Money Matters: Why your household shouldn’t have a CFO

May 18, 2018 01:30

It’s pretty typical: when couples combine their households, they divide up household duties and chores.

One handles grocery shopping, the other manages yard work. One is in charge of bills, the other handles insurance.

After all, dividing responsibilities is one of the advantages of a join household, right?

Well, there are disadvantages, too, particularly when it comes to dividing up financial responsibilities.

A recent study in the Journal of Consumer Research showed that leaving one partner out of the financial picture early in a relationship can have consequences down the road.

According to the study, couples tend to assign financial responsibilities more or less arbitrarily, not based on particular financial knowledge. Often, couples have similar financial literacy skills.

However, over time, the partner who is less involved in finances loses basic financial literacy, becoming dependent on the household Chief Financial Officer, so to speak. The longer this goes on, the wider the gap in financial literacy.

This means that, should the CFO be removed from the picture or become unable to continue managing the money, through divorce, degenerative illness or death, the partner is left to handle household finances without the skills to do so, often at an additionally stressful time in life.

The financial literacy imbalance may be of particular concern to older couples, who may also be dealing with more complex financial issues during retirement.

Help your audience remedy – or avoid – this imbalance.

For Older Couples
  • Find and share financial literacy resources especially designed for older people who may not have much experience managing finances.
    • Are there any courses provided by city, local community college or library?
    • Can you cover the basics of budgeting, savings, social security and retirement in a regular segment?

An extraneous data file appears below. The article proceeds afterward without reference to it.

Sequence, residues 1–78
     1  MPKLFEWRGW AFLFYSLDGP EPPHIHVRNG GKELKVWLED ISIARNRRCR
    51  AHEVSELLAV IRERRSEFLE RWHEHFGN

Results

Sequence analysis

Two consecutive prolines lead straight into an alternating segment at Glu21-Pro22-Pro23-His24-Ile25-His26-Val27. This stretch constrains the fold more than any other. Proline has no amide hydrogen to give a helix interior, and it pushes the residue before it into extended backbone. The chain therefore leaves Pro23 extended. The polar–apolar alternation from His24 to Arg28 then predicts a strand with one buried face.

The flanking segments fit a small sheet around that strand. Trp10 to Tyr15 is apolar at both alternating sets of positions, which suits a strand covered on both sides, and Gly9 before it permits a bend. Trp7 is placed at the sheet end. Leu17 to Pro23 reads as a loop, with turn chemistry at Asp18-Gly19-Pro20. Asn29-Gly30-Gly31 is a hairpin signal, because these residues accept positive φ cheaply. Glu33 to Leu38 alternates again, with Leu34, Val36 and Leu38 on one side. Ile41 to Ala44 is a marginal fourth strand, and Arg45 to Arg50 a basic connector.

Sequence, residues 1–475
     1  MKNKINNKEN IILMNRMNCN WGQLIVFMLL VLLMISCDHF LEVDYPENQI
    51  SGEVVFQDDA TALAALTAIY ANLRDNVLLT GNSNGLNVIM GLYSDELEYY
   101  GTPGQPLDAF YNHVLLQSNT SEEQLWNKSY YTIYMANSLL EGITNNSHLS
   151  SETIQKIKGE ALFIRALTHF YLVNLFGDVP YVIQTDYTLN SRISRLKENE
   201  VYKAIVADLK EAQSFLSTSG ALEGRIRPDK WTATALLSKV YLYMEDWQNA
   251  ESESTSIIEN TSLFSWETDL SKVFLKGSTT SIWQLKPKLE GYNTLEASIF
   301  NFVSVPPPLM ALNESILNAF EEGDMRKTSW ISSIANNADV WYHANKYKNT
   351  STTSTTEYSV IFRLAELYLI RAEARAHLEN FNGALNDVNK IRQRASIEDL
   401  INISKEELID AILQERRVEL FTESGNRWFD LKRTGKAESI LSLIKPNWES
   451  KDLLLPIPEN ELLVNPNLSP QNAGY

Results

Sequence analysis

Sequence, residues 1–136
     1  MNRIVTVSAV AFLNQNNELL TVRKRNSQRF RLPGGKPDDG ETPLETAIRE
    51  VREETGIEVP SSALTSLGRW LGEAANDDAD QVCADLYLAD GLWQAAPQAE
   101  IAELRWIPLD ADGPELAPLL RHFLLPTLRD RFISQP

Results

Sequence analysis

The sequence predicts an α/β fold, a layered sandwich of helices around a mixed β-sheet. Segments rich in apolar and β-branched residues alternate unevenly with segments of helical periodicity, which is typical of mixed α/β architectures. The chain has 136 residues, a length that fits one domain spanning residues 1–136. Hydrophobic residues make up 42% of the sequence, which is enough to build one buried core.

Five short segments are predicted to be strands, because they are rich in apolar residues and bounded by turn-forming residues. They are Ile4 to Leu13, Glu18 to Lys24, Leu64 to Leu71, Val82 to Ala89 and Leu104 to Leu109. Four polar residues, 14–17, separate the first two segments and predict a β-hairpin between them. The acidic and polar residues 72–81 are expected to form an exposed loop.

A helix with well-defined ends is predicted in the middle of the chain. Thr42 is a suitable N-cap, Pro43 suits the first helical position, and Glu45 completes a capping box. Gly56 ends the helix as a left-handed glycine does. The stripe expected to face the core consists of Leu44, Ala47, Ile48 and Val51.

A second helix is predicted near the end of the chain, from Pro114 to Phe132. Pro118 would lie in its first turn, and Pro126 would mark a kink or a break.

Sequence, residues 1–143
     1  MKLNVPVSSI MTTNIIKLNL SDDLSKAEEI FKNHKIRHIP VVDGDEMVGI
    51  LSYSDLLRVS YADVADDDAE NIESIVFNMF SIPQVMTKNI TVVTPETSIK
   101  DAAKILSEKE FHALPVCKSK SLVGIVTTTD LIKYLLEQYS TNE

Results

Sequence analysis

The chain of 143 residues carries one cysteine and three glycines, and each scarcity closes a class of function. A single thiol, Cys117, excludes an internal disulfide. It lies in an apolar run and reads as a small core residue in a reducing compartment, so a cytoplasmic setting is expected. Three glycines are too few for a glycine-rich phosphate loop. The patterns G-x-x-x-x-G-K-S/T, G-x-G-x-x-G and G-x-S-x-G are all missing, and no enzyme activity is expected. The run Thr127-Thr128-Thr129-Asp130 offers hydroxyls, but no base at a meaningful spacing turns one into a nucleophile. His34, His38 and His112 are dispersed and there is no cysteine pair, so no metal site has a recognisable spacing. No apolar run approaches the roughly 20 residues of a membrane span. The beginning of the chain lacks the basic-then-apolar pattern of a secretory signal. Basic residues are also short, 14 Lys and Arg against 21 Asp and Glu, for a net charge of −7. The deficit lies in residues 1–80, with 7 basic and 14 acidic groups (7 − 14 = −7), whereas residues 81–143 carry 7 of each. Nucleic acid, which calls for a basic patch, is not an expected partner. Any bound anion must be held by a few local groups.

• Talk with a financial manager about questions to ask your partner to get up-to-speed on your finances.
    • What is the most important information to be sure is accessible to both partners?
    • How can older couples start making financial decisions together now, rather than relying on one partner?
For Younger Couples
  • Find and share financial literacy resources couples can use together to enhance both their financial knowledge. What are some financial milestones couples should anticipate?
  • Money can be a source of conflict for couples. Can you talk to a relationship expert about how couples can reduce the stress that often comes with financial discussions?
  • Talk to a financial adviser about how couples just combining their finances can work together to manage their money.
    • What financial decisions should be made together?
    • How should financial information be stored such that bother partners have access?
For many couples, it’s an unconscious default to divide financial responsibilities, with potential consequences they likely haven’t considered. Your coverage can help couples stay aware of their personal financial literacy!

Finally, though not mentioned in the study, segregating financial responsibility can, in extreme cases, be an indicator of bigger problems in a relationship, a story we’ll examine in a future Money Matters.
 

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Weekly Money Matters personal finance content for your newsroom is sponsored by the National Endowment for Financial Education